Looking at Fundraising Through Fresh Eyes
One of the (several) things I enjoy about teaching fundraising courses at a couple of universities is the opportunity to explore fundraising with people who have little or no experience in the field. Things I take for granted and view as "just the way things are" suddenly appear in a different light. Students ask, "Why?" and I'm challenged to think back to when I was new in the field and remember the reasons.
Some of the lessons I teach my students—and have to relearn from time to time myself—are ones that can help make me a better fundraiser. Have you forgotten any of these?
A case statement that explains—in simple language—what your organization does and why it does it is an important tool. The AFP Fundraising Dictionary defines the case for support as "the reasons why an organization both needs and merits philanthropic support, usually made by outlining the organization's programs, current needs, and plans." Writing a case statement is often part of a capital campaign but can be seen as "nice but not necessary" for everyday fundraising.
And yet, a good case for support helps fundraisers—and board members, volunteers and leadership—articulate what your organization does that is distinctive from all the other similar nonprofit organizations and how a donor can help you achieve your goals. Taking the time to figure out that it costs $XX to accomplish this and $YY to accomplish that sheds light on direct mail offers, major gift proposals, even grant requests.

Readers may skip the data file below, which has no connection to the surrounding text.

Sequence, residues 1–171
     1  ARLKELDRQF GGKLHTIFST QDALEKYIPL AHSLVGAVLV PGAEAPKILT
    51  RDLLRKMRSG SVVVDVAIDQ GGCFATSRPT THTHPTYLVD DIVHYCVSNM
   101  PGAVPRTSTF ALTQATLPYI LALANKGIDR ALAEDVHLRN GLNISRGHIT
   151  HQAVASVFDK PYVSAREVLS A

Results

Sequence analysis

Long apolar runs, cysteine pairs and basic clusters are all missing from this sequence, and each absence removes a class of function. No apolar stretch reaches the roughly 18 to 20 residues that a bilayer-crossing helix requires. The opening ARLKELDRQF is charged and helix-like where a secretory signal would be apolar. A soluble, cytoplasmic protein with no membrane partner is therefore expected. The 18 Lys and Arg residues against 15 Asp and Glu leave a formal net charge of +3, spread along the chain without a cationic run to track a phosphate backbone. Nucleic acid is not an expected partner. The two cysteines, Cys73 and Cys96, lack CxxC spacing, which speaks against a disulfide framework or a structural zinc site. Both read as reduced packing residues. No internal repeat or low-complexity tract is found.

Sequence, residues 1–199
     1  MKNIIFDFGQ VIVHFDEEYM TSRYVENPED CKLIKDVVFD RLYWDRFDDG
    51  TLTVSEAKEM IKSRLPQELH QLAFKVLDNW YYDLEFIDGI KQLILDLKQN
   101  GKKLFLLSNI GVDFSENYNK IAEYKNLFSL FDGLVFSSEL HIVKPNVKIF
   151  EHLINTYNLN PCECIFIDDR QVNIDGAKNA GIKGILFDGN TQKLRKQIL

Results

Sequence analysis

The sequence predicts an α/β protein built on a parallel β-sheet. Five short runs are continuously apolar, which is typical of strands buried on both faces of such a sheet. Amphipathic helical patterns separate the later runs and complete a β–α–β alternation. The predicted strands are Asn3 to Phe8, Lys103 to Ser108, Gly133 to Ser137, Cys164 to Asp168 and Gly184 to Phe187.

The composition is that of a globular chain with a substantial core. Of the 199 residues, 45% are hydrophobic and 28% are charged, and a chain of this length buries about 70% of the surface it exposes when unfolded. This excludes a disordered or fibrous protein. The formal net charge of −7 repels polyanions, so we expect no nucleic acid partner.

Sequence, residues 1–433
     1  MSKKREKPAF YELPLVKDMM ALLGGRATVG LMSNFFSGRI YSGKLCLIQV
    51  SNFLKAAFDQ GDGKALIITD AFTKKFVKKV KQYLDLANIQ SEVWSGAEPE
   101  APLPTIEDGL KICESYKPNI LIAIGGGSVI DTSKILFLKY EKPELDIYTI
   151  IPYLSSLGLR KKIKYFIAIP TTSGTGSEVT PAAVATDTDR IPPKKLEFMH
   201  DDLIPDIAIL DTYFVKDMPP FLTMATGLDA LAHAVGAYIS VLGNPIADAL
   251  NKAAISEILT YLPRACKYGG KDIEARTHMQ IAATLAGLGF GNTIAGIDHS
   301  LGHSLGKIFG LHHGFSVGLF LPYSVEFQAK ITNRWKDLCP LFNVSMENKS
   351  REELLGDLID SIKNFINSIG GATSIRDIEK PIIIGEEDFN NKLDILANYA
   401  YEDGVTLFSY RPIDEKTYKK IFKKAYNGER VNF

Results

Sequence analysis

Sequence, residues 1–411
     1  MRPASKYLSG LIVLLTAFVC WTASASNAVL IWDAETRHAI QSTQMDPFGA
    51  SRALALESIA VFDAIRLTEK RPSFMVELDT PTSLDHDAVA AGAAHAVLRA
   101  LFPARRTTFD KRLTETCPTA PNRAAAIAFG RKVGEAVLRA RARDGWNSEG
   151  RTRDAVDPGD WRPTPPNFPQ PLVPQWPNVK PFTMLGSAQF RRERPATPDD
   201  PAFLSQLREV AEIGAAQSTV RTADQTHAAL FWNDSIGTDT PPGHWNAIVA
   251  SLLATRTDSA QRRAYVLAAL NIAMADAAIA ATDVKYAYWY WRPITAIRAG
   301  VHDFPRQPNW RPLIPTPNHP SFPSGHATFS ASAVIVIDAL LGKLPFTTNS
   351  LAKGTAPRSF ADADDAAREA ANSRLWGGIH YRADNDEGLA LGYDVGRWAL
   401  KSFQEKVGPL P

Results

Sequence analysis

Not sure where to begin? Do a search online for "sample case statements" and you'll find some great examples to get your own creative juices flowing. But don't give up when you see the graphically exciting examples being shared. Start with what you can do; a Word document is a huge step up from people just making it up as they go along.
Pamela Barden is an independent fundraising consultant focused on direct response. You can read more of her fundraising columns here.